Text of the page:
(560jf) Dynamic Catalysis and Surface Resonance for Turnover Frequency Enhancement

Ardagh, M. A., University of Minnesota
Abdelrahman, O. A., University of Massachusetts Amherst
Zhang, Q., University of Minnesota
Dauenhauer, P., University of Minnesota
Heterogeneous catalysts and their associated chemical reactors are key components of many chemical processes for petroleum production, fine chemical synthesis, and consumer products manufacturing. For each process, intensive reaction engineering has been employed to scale up, maximize product yields, and minimize production costs. Typical process and product development include varying temperature, pressure, catalyst selection, reactor type, and time/spacetime. For a given set of these variables, a wide range of reaction and catalyst classes have been found to obey a “volcano plot” relationship between reaction rate and several catalyst binding energy descriptors. This means that reaction engineering has a (currently) insurmountable catalytic speed limit, due to the trade-off between surface reaction rates and product desorption for a catalyst with static binding properties. In this work, we present several alternative handles for enhancing catalyst performance and chemical production rates. In this approach, catalyst binding properties are varied with time [1].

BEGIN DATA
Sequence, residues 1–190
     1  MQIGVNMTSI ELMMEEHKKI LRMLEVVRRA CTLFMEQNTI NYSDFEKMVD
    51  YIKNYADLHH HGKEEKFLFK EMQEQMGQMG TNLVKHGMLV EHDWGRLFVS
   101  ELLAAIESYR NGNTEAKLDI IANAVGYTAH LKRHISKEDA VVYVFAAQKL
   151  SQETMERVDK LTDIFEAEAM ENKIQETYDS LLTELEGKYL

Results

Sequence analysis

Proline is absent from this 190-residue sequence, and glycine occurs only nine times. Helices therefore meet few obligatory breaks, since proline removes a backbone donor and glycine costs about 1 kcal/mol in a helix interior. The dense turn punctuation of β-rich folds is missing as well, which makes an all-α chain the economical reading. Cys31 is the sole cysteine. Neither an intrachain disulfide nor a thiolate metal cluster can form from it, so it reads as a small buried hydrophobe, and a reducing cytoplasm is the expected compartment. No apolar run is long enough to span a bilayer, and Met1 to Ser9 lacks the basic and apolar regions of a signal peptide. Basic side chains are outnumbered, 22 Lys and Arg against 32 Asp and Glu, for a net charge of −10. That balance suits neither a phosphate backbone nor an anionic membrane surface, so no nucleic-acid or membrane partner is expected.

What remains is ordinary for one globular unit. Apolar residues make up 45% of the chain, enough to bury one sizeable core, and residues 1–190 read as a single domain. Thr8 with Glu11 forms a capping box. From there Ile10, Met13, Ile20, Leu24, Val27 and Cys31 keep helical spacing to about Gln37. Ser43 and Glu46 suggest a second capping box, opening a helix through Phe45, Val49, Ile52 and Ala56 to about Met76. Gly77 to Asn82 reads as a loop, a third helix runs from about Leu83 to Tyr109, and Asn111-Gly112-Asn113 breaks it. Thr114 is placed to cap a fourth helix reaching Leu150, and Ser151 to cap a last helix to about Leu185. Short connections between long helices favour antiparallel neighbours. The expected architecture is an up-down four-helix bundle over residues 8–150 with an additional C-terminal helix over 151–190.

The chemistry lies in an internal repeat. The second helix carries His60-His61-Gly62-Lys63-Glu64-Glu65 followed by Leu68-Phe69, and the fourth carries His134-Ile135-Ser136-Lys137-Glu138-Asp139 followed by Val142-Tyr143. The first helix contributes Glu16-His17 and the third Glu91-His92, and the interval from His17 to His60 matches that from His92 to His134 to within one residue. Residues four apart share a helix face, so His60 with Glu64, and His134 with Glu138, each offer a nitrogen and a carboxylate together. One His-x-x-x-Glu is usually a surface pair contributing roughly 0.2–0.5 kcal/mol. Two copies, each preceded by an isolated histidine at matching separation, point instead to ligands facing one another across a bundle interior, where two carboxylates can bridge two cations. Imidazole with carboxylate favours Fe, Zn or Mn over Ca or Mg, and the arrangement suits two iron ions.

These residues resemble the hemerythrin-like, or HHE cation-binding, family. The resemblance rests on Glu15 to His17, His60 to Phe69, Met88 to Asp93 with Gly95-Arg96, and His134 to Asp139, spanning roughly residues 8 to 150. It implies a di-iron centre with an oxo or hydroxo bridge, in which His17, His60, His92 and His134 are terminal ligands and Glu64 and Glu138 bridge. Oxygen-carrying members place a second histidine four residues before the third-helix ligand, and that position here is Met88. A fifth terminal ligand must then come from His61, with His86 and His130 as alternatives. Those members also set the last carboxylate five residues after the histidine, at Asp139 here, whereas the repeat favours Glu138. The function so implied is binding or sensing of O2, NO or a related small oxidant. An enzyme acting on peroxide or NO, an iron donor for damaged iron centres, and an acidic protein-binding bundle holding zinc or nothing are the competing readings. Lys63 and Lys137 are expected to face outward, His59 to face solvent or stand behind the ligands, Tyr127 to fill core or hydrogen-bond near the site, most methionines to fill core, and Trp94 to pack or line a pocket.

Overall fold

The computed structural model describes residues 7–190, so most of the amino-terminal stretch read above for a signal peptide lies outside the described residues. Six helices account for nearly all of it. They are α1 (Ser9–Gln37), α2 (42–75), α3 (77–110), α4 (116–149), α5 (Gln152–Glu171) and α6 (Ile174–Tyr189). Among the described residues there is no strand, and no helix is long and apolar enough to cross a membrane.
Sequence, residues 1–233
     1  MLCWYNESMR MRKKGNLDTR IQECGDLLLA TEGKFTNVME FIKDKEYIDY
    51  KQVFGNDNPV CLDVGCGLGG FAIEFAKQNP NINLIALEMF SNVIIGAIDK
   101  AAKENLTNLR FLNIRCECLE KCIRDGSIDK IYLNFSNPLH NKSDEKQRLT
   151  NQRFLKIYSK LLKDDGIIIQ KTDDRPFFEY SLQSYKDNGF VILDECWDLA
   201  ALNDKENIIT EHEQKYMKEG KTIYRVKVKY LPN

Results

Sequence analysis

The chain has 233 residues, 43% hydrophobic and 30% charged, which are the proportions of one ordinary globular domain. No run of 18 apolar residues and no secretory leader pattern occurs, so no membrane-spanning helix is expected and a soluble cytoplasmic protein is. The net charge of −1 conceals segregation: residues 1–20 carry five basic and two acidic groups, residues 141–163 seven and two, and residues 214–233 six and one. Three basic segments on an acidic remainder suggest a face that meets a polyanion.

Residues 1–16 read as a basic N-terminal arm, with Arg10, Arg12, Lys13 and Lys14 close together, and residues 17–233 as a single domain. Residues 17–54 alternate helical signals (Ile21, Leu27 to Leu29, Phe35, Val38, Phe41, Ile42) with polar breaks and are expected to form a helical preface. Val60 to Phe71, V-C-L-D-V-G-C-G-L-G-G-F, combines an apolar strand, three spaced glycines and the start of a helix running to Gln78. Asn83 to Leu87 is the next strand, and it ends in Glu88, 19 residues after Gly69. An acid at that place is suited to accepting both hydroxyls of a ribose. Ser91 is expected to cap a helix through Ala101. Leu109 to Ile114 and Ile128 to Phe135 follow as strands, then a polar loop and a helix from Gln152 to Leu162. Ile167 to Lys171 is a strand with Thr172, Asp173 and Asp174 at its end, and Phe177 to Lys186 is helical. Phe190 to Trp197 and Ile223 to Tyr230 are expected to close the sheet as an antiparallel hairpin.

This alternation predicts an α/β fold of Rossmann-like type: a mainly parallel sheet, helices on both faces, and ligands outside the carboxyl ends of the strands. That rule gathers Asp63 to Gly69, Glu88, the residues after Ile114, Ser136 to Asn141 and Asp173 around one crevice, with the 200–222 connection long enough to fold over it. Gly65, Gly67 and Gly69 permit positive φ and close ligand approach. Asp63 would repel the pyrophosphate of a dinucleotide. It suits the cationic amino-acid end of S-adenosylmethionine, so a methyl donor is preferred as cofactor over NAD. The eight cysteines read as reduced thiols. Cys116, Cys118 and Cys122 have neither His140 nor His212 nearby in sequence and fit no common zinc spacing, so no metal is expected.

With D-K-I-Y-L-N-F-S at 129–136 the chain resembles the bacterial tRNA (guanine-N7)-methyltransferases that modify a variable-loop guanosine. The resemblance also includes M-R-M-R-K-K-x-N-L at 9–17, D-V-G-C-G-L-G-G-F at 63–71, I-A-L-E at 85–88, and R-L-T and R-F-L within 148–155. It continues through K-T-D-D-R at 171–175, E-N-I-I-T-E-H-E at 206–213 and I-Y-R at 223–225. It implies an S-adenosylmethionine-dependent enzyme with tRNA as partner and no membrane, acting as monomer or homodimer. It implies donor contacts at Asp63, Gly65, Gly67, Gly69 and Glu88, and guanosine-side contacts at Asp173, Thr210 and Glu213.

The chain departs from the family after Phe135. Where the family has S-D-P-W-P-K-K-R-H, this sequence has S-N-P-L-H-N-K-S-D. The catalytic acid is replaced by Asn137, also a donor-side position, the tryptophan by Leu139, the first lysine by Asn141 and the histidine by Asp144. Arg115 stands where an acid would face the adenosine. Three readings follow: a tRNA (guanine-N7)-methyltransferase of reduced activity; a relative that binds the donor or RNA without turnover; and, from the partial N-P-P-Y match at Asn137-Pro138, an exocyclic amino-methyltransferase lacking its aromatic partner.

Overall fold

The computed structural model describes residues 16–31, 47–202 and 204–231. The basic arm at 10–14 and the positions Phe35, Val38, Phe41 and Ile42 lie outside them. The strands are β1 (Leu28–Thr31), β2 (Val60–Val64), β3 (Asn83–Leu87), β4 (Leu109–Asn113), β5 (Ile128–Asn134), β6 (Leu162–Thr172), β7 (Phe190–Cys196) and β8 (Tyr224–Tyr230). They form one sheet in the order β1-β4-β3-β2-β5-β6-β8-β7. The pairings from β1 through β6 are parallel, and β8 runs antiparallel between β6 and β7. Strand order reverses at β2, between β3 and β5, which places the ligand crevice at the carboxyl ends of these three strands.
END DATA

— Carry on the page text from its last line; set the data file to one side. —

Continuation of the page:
Using a CSTR model in Matlab, a model system with A → B and three elementary steps: (i) adsorption of A, (ii) surface reaction of A* → B*, and (iii) desorption of B was studied. The catalyst binding properties were varied using a square, sinusoidal, triangle, or saw-tooth waveform with a specified oscillation frequency (fosc , [=] Hz) and amplitude (ΔU, [=] eV). The dynamic steady state rate was found to be a strong function of frequency and amplitude. For moderate amplitudes between 0.5-1.5 eV, there is a resonance frequency range between 103 -107 Hz where steady state rates level off at 100-10,000x the Sabatier maximum. With practicality in mind, the oscillation waveform was tested at the same frequency and amplitude to assess their effectiveness in rate enhancement. Square waveform were the highest performing but sinusoidal waveform still led to high rate enhancement. These new process handles of frequency, amplitude, and waveform allow for reaction engineering to greatly improve process performance.

[1] M. A. Ardagh, O. A. Abdelrahman, P. J. Dauenhauer, “Principles of Dynamic Heterogeneous Catalysis: Surface Resonance and Turnover Frequency Response” ChemRxiv Preprint, 2019. doi.org/10.26434/chemrxiv.7790009.v1